My major concern to this paper is its novelty and level of contribution. While the authors clearly notice the work by Sergey et. al. in guided policy search (GPS) from their previous publications in 2013 and 2014, they have not clearly differentiated their methods with the existing literature. Based on my understanding to GPS, I cannot see any major differences between the proposed method and the standard GPS algorithm. Results in appendix B is very similar to the result in the appendix of Sergey's 2014 NIPS GPS paper (http://homes.cs.washington.edu/~svlevine/papers/mfcgps.pdf). Also the results in appendix C on the relationship between KL divergence and total variation are straightforward (see Section 3 of Schulman's TRPO paper: https://arxiv.org/abs/1502.05477). Finally, the notion of mirror descent is very confusing here. Are the authors trying to bound the performance of the algorithms (in terms of regret analysis or sample complexity) and treating the KL cost as the Bregman divergence of an Entropic regularizer (similar to i.e. the regularizer of Exp3 in online learning)?? This is unclear to me, for example, are their any conjugate cost analysis of GPS based on the Fenchel duality of the negative entropy?

3-Expert (read the paper in detail, know the area, quite certain of my opinion)

The paper proposes to view guided policy search as an approximate mirror descent. Based on this interpretation, the authors propose a new version of guided policy search, which corresponds to mirror descent when the dynamics is linear and the cost is quadratic. When the dynamics is nonlinear, the projection of this algorithm is done approximately. In that case, they provide a bound on the costs of the local and global policies, which may be used for stepsize selection in the algorithm. Finally, the experimental results show that the new algorithm has similar performance to BADMM, a previous version of guided policy search.

The paper is well-written and clear. The contribution of this paper builds on previous work on guided policy search. The new proposed algorithm has the advantage of having less hyperparameters than BADMM. It seems to provide similar performance results to BADMM at the cost of slower convergence. In the experimental results, the authors compare the performance of BADMM with those of the local policies (used to teach the global policy). However, are we not only interested in the global policy at the end? Why is that comparison interesting? Besides, the experimental results are averaged only over 3 runs, which seems to be very small. As the experiments are done in a simulated environment, I think more runs should have been performed. Typos: paper: l.4 of Algo.1: p_i(\mathbf u_t | \mathbf x_t) l.52: \tau = (x_1, u_1, \ldots, x_T, u_T) l.83: a factor 1/N is missing in J(\theta) l.128: constrain l.168: Algorithm 3 l.191: missing parenthesis for D_{KL} supplementary material: l.382: Algoritm 3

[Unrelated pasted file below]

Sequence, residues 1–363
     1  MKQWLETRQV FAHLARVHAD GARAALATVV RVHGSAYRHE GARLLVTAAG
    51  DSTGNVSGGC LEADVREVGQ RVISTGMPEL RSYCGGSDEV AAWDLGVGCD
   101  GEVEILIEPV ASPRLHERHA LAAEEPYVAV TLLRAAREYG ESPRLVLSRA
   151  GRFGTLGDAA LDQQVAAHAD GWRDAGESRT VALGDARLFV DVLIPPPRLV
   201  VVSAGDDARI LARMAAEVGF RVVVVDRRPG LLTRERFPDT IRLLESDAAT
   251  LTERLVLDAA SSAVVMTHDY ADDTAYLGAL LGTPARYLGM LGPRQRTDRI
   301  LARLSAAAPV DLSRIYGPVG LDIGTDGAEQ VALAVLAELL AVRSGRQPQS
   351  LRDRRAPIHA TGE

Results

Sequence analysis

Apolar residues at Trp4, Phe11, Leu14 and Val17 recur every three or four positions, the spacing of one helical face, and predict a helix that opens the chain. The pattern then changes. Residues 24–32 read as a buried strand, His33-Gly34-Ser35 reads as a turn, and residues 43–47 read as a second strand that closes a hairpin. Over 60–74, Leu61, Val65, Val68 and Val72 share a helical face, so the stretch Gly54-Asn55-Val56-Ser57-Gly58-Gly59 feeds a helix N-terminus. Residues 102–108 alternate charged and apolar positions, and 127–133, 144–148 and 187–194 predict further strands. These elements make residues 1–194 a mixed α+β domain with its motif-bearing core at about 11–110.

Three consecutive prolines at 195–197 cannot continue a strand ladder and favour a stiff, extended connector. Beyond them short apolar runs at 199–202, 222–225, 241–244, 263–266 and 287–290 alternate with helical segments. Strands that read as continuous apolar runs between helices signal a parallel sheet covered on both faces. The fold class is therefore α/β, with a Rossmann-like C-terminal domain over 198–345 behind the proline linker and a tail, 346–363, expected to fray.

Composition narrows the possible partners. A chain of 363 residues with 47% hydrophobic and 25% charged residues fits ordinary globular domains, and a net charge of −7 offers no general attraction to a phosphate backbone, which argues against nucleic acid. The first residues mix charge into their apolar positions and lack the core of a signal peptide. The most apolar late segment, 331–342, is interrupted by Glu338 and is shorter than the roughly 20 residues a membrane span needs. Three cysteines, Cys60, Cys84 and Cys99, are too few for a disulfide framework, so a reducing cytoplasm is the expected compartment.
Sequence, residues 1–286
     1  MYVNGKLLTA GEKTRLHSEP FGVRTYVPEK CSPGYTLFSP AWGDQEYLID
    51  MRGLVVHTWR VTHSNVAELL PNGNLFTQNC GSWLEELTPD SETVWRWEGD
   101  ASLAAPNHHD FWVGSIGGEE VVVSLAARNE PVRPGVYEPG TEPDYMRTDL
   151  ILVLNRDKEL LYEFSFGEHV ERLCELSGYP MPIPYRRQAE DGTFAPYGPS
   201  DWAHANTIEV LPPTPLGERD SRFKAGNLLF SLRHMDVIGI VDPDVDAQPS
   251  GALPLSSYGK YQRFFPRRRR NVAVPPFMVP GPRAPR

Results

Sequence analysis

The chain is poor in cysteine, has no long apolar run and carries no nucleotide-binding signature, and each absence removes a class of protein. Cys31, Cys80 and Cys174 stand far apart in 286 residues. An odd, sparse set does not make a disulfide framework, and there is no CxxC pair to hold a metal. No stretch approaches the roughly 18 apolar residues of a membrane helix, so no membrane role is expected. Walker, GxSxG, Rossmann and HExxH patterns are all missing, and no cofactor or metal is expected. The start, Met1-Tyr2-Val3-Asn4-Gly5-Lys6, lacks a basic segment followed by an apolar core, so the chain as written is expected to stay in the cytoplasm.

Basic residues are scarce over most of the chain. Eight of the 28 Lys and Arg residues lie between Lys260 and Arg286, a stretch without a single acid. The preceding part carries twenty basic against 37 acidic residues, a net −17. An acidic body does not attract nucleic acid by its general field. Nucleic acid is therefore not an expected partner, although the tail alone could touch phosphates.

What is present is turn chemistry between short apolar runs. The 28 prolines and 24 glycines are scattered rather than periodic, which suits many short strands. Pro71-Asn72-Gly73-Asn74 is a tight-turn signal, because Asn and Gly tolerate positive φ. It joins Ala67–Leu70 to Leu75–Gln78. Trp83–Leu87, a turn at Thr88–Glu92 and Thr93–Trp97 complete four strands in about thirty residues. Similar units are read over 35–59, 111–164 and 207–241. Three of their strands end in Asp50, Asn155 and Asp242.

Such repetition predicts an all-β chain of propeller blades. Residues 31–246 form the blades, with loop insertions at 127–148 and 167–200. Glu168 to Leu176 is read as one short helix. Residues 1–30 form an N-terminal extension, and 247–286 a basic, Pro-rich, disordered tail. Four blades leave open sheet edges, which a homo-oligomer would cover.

2-Confident (read it all; understood it all reasonably well)

The paper proposes a novel method for guided policy search that uses supervised learning algorithm to mimic a policy provided by a teacher or a trajectory optimizer. In comparison to previous guided policy search algorithms, the proposed method has convergence guarantees for linear and convex systems, and bounded errors for non-linear systems. The proposed method is also simpler to tune and use. Another contribution of the paper is the interpretation of guided policy search algorithms as an approximate version of mirror descent. Empirical verification on several difficult robotics tasks in simulation show that the proposed method performs better than or as well as existing methods.

The state spaces of the three robotic tasks are more or less clear from the description in Section 6, but what are the available actions for each of them?

1-Less confident (might not have understood significant parts)

This paper introduce a new guided police search called mirror descent guided policy search and proposed implementations for model-base and model-free variants. The new method sheds light on the study of guided police search and try to provide theoretical understanding of guided policy search method. Also, the authors provide empirical demonstrations to evaluate their method.